On Saturday, Doctor Who returns, kicking off the second part of the seventh series with a James-Bond inspired episode that sees the Doctor and Clara whizzing round London on a motorbike. Which is exciting if you like interesting drama with witty banter and thoughtful concepts. But less exciting if you like interesting dramas that include women on their writing teams.
Because season seven of Doctor Who will feature no female scribes at all. Not in the bombastic dinosaurs and cowboys episodes that aired last year, and not in any of the new episodes we’re about to receive. In fact, Doctor Who hasn’t aired an episode written by a woman since 2008, 60 episodes ago. There hasn’t been a single female-penned episode in the Moffat era, and in all the time since the show was rebooted in 2005 only one, Helen Raynor, has ever written for the show.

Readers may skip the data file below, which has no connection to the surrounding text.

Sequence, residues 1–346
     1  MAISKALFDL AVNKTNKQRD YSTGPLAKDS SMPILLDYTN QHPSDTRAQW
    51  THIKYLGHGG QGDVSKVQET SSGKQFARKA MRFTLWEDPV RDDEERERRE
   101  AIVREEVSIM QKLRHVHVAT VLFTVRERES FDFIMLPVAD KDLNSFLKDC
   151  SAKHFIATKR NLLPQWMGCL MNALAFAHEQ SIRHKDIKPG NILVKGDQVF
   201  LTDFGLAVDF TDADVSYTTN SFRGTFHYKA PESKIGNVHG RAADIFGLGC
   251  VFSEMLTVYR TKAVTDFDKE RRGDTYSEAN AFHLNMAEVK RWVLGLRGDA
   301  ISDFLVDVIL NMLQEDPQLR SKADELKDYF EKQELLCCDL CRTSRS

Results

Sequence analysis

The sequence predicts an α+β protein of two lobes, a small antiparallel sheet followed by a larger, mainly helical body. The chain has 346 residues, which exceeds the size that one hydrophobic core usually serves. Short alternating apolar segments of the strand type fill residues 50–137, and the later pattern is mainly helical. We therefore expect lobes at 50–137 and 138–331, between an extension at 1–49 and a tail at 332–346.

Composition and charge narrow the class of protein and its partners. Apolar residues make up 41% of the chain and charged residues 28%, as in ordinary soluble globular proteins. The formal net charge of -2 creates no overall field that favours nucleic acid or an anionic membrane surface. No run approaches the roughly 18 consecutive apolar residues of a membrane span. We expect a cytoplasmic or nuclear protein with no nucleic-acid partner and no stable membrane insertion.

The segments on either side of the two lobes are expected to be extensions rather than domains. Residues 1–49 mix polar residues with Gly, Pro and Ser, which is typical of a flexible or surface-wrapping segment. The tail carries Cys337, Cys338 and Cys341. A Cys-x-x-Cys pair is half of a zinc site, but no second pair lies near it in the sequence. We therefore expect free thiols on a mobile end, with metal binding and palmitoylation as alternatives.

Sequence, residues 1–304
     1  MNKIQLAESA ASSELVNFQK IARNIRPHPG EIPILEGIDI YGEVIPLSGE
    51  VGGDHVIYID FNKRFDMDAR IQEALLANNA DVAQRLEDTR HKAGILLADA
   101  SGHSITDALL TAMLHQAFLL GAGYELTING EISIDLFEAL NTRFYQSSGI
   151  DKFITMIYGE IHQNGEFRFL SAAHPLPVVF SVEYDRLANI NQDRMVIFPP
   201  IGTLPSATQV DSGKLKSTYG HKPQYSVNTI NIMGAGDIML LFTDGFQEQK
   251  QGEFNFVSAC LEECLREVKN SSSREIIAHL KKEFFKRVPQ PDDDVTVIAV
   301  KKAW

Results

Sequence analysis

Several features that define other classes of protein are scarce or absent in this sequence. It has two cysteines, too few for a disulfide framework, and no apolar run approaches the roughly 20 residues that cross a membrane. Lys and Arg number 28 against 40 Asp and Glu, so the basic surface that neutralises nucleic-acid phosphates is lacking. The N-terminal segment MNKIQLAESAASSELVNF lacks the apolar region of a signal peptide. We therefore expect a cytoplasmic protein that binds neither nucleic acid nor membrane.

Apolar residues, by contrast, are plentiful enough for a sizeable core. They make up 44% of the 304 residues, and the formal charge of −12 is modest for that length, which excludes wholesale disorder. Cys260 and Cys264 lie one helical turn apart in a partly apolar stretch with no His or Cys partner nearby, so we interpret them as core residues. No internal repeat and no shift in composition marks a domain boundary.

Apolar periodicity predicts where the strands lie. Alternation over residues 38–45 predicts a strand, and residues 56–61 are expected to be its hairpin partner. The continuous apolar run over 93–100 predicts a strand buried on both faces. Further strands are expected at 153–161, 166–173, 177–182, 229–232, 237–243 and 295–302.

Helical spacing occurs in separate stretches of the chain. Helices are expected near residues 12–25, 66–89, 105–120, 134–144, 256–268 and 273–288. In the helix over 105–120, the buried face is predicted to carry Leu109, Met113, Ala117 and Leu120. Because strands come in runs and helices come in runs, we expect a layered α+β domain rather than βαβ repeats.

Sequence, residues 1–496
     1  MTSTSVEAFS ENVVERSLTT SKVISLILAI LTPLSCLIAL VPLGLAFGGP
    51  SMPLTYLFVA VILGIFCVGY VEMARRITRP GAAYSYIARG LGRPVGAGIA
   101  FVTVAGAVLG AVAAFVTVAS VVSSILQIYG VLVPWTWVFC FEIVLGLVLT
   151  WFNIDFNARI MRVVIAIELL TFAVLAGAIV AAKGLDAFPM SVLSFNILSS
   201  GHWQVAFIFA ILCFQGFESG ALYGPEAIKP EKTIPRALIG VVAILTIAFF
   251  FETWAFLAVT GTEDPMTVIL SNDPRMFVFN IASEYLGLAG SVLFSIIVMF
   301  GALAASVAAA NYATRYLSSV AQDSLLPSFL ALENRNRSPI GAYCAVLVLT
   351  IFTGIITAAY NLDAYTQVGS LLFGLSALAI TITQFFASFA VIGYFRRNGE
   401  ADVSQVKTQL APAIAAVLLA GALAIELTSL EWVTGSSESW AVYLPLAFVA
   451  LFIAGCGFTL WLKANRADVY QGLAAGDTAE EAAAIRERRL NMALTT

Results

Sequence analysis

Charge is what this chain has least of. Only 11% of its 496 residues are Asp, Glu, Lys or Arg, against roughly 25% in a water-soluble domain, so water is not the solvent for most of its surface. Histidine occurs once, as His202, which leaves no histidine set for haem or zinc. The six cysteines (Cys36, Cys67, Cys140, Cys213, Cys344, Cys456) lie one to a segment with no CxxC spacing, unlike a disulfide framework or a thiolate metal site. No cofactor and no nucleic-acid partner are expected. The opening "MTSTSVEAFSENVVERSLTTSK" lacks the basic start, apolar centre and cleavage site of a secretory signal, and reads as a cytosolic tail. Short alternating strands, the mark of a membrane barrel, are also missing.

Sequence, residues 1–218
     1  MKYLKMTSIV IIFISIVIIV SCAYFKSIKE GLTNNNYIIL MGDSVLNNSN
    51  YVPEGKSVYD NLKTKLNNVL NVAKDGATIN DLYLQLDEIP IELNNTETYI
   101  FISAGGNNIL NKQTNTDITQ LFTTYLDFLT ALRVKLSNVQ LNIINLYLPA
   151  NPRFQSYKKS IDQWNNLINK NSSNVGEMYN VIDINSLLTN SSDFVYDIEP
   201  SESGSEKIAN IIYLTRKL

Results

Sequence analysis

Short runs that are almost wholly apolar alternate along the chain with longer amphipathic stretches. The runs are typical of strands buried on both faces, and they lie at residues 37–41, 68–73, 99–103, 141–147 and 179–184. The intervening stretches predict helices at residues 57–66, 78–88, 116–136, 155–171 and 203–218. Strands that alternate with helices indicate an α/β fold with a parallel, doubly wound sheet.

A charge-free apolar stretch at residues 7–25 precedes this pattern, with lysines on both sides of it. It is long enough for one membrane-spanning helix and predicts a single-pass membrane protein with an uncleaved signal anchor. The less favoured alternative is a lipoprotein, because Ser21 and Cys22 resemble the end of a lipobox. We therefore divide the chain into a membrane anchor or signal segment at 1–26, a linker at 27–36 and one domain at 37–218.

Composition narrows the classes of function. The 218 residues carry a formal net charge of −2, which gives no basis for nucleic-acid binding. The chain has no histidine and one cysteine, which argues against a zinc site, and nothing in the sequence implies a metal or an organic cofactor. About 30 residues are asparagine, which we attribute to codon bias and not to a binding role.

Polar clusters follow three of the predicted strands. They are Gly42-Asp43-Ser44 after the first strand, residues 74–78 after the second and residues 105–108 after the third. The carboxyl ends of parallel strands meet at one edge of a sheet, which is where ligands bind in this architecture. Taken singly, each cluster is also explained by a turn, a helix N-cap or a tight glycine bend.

Dramatist and author Stella Duffy – who has noted the absence of women writers, and indeed directors, from Doctor Who on her blog – thinks that there needs to be a conscious effort to recruit writers from outside the usual small pool of male writers. “Try harder. Stop assuming that men can do the job well enough. If women are saying they feel left out (and they do), if women are saying they feel marginalised (and they do), if women are saying they do not see their voices on screen … Listen to them and do something about it,” Duffy says.
“We can knock and knock, but if they won’t let us in, we’ll never get to see how big the Tardis really might be inside. Right now, the Tardis only holds men, so maybe it’s not that big, after all.”